What We Missed

Joe Walsh told Tammy Duckworth to shut up already about her military service. At The Nation, Katie tells Joe to… well, watch the video.

At Sociological Images, Lisa offers “the one really excellent solution to the clusterf@ck that is parenting in America” in the aftermath of Anne-Marie Slaughter’s Atlantic article: Don’t. Have. Kids.

How to tell the difference between a sexualized image and a sexy image (probably NSFW even though most of the images come from regular old advertisements).

Oh look, it’s Zerlina in the New York Times.

New York, NY

Chloe Angyal is a journalist and scholar of popular culture from Sydney, Australia. She joined the Feministing team in 2009. Her writing about politics and popular culture has been published in The Atlantic, The Guardian, New York magazine, Reuters, The LA Times and many other outlets in the US, Australia, UK, and France. She makes regular appearances on radio and television in the US and Australia. She has an AB in Sociology from Princeton University and a PhD in Arts and Media from the University of New South Wales. Her academic work focuses on Hollywood romantic comedies; her doctoral thesis was about how the genre depicts gender, sex, and power, and grew out of a series she wrote for Feministing, the Feministing Rom Com Review. Chloe is a Senior Facilitator at The OpEd Project and a Senior Advisor to The Harry Potter Alliance. You can read more of her writing at chloesangyal.com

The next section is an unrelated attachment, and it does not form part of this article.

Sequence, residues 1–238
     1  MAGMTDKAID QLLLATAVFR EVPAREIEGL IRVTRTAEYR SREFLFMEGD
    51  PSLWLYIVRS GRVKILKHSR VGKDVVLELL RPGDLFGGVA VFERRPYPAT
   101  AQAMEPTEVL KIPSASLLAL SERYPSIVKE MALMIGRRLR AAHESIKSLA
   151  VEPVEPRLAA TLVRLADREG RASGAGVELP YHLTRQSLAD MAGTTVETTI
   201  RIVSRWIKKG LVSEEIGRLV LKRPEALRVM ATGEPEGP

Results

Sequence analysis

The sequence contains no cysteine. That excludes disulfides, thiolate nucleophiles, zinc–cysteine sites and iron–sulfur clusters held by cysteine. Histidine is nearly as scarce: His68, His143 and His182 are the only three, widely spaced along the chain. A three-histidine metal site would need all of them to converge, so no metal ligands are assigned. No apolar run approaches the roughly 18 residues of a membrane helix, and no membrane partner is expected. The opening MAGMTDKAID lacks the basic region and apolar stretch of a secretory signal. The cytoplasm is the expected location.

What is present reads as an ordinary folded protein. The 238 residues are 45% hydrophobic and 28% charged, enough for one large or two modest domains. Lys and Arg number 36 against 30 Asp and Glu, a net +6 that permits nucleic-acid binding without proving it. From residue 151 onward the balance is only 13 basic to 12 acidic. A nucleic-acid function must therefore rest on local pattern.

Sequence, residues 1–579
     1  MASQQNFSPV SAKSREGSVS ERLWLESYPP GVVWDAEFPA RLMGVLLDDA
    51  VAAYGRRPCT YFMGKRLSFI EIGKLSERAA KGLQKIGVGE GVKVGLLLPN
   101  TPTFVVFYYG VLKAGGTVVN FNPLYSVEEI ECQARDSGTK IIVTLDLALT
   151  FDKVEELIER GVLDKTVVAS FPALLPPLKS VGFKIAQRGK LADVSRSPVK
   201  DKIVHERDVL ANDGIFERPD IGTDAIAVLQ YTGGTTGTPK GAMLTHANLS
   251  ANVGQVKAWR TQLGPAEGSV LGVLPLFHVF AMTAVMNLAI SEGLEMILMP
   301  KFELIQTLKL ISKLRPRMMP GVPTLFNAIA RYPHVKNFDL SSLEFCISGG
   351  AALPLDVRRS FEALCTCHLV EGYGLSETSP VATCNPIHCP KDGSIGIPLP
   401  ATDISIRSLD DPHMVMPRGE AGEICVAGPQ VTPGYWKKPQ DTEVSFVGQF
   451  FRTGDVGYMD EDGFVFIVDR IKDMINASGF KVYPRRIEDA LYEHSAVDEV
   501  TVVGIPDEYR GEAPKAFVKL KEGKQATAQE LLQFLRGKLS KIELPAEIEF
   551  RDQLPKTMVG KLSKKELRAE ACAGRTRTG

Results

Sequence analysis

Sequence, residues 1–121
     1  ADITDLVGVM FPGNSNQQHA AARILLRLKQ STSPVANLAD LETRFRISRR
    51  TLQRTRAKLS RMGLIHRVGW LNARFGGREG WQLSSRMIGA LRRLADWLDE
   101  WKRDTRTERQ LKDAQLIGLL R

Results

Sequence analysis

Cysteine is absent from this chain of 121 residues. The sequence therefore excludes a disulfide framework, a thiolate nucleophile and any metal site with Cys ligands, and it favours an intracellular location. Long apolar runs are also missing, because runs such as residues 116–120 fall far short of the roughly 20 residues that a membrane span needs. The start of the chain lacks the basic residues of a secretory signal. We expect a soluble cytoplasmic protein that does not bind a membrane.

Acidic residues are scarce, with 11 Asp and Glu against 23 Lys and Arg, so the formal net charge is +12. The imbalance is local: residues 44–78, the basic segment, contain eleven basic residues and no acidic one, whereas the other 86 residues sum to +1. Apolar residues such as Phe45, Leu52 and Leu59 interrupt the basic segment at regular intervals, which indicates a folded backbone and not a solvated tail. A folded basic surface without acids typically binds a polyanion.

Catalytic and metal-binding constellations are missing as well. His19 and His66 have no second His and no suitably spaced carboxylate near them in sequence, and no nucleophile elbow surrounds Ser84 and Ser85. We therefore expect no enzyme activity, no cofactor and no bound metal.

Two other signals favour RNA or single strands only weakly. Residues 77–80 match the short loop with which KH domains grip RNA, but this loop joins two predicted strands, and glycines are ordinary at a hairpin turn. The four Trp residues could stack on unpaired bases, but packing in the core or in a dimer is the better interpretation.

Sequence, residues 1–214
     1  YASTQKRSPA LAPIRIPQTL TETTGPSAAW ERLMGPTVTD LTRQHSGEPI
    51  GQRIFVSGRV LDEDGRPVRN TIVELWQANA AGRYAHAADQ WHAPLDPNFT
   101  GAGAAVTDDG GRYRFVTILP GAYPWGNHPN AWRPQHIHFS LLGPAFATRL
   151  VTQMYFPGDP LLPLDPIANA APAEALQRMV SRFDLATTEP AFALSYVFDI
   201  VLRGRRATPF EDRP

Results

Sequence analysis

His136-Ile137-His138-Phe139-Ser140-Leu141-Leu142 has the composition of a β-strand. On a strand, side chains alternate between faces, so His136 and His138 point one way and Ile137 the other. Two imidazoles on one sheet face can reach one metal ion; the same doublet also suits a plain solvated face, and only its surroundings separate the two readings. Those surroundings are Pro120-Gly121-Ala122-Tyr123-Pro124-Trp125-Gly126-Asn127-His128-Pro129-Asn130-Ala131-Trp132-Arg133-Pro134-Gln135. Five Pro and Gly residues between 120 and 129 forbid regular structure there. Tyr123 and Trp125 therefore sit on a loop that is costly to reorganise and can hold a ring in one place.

Chloe Angyal is a journalist and scholar of popular culture from Sydney, Australia.

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  • http://feministing.com/members/stellarose/ Stella

    Sorry, but I am not impressed by the “don’t have kids message.” In fact, I think it is extremely sexist. Women, like men, should have the right to choose whether or not to have children. We should not be discriminated against for EITHER CHOICE.

    Please explain to me why it is a feminist position that women, but not men, should have to choose between reproducing and making a living. Personally, I thought both of these things were human rights for members of both categories of people. Not just men, who have long taken for granted that they have a right to reproduce and buy food and shelter.

    And please explain to me why women who DON’T believe that they have a right to reproduction and economic solvency should then look at those of us who did have kids and then blame us for our own oppression because we DECIDED to have kids. How exactly is this feminist? Can the author of that piece please have a think about the fact she’s reifying quite possible the oldest precept of patriarchy (being a mom = economic dependency on a man)? HELLO, are you now voting Republican? because the last time I checked, that was their platform.

    And lastly, need I point out that people of both genders who do have kids are producing a societal good, at great personal cost to their ability to sleep and go have fun in the evenin, among other things. Yes, there are too many people in the world. But no, the human race would not be able to continue if everyone decided to avail themselves of your magical solution to the oppression of mothers. In Japan, where women by and large have decided not to have children anymore due to the sexism they face when they do, their economy is literally imploding due to the precipitous population drop off. Someone has to have at least some children to care for you when you are old and pay taxes that will pay your social security check in 2040. That person should not be discriminated against or prevented from making a living for doing so. Even if they are a lady.

  • http://feministing.com/members/azure156/ Jenny Gonzalez-Blitz

    Yeah, I’m childfree but I mostly agree with Stella (except to blanketly say that having kids produces a “societal good”. Only time can tell on that one. ) Anyway, my main point is, if not having kids is the only fully workable solution, that’s not really entirely a freedom of choice, is it?